In this post we will develop the notion of unramified morphisms, in their various guises.
In this post we will be assuming the reader is familiar with the (relative) cotangent sheaf. If not, I suggest they first read chapter 21 of Vakil’s Foundations of Algebraic Geometry or II.8 of Hartshorne. I’ll try to be explicit when I can though, and reference the needed theorems, and sometimes be overly hand-holdy with computations.
Our current goal is to construct the right analogue of “local isomorphisms” that were hinted at in our motivation for etale cohomology. Unramified morphisms, along with flatness, will be the properties that end up defining this correct idea of local isomorphisms.
Just like flat morphisms, unramified morphisms are a type of map that plays correctly into our intuition of a “nice morphisms”. They also have the pleasant property of not only being intuitive to understand, but relatively painless to work with technically, thanks to the formalism of the cotangent sheaf.
To understand the idea behind unramified morphisms, let us look at a picture (taken from Wikipedia):
In this picture, what we say is that generically is a -to- function, and that is split into sheets. Of course, the -to-ness is only generic since over two points of , the ones marked with dots, we see that does stop being -to-. At these points, we see that the three sheets that generically make up come together, or “ramify”.
If we think about this picture in the analytic topology (the “usual one” from complex analysis) these points of ramification are precisely the points of for which no neighborhood is injective. Indeed, the other points of have neighborhoods where is injective by just taking an open segment (the intersection of a small Euclidean ball in the ambient space with ) along the sheet they reside. But, at the point of ramification, every Euclidean ball intersects all three sheets, and so no neighborhood of these points verifies ‘s injectivity.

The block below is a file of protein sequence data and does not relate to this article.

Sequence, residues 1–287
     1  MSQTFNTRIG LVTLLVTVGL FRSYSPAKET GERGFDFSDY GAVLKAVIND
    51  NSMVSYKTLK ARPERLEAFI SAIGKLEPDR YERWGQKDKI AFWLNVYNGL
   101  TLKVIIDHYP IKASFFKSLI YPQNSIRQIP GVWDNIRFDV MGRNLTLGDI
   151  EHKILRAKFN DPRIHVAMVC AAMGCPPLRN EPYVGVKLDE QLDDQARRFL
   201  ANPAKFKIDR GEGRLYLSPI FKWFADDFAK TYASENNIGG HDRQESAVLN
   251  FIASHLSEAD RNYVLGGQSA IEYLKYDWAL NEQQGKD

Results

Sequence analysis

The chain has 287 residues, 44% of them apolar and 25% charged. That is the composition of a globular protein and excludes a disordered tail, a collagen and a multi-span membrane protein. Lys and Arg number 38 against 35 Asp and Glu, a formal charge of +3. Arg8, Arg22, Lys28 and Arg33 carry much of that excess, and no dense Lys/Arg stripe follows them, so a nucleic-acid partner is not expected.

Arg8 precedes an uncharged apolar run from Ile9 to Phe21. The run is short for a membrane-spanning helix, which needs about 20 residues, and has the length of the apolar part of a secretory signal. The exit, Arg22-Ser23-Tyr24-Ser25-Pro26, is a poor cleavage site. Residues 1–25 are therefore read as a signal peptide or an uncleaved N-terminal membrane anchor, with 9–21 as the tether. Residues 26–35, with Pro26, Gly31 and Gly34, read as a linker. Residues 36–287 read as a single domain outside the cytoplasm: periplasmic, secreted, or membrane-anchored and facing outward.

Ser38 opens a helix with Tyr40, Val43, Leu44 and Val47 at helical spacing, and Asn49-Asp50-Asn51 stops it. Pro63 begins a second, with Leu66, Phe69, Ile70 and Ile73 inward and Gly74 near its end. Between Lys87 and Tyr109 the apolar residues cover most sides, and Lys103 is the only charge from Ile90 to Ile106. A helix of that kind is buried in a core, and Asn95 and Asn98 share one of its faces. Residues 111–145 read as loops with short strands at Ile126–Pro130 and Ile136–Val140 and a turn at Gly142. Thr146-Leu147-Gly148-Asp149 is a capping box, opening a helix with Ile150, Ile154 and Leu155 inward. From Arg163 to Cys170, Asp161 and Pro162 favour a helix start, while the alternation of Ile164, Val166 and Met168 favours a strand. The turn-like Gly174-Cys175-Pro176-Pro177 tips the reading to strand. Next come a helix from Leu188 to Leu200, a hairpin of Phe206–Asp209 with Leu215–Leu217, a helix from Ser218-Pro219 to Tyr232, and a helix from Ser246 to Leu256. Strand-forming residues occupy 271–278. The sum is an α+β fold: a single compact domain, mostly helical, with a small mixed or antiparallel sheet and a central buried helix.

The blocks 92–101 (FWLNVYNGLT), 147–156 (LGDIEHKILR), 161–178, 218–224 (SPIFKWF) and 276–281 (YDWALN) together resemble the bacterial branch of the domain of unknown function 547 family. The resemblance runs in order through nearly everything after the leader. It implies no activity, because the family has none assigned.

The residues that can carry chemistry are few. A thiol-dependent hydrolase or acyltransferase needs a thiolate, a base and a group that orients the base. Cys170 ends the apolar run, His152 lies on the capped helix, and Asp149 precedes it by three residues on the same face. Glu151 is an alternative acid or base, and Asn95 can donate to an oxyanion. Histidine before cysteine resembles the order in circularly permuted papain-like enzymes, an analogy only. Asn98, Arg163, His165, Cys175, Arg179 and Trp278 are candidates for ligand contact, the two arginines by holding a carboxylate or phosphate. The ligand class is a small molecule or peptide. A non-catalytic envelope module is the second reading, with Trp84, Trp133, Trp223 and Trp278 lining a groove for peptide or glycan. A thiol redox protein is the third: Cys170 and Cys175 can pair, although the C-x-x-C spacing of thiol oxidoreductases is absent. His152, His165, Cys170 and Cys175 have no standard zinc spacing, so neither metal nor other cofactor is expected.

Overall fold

Now, we see that if we want to create a type of morphisms modeling “local isomorphisms” (something like a local biholomorphism in complex geometry), we clearly want to exclude ramified morphisms. Indeed, since “local isomorphisms” should, in particular, be locally injective, we see that ramification points are a clear and present obstruction to “local isomorphism”ness.
So, how do we formalize unramifiedness? The problem with the above intuition is that it is just that–intuition. General schemes don’t usually have the luxury of some kind of analytic topology from which to work off of (the whole point of etale cohomology!) and so we must use some other properties which are intrinsic to the schemes themselves. But, what are possible properties of a general scheme for which the above picture violates at the point of ramification?
It turns out, fortunately, that there are several ways to proceed:
Perhaps the most easily explained is the openess of the diagonal map. Let us suppose that we have a morphism . Very informally, we can think about the fiber product as being the pairs of points such that . The diagonal can then be thought of merely as the set of points or, said differently, points of the fiber product whose coordinates are equal.
Now, notice that in the picture above each point , which is not the image of a ramification point, there are points in the set where each coordinate is in . Indeed, just pick a tuple where and both lie above , but are in different sheets. Now, a point of ramification, call it , is one where two sheets come together. This intuitively allows us to take a sequence of points in , where is in one of the sheets coming together and is in the other, whose limit is precisely the point . And, intuitively, this is how all ramification points should arise, as points of the diagonal which are limits of points not in the diagonal.
This gives us one way to define unramifiedness. In particular, being ramified is the ability to find points of the diagonal which are limits of points in the fiber product, but not on the diagonal. This is precisely the statement that is not closed. Thus, if we want to force this to not happen, we merely want to specify that is closed or, in other words, is open.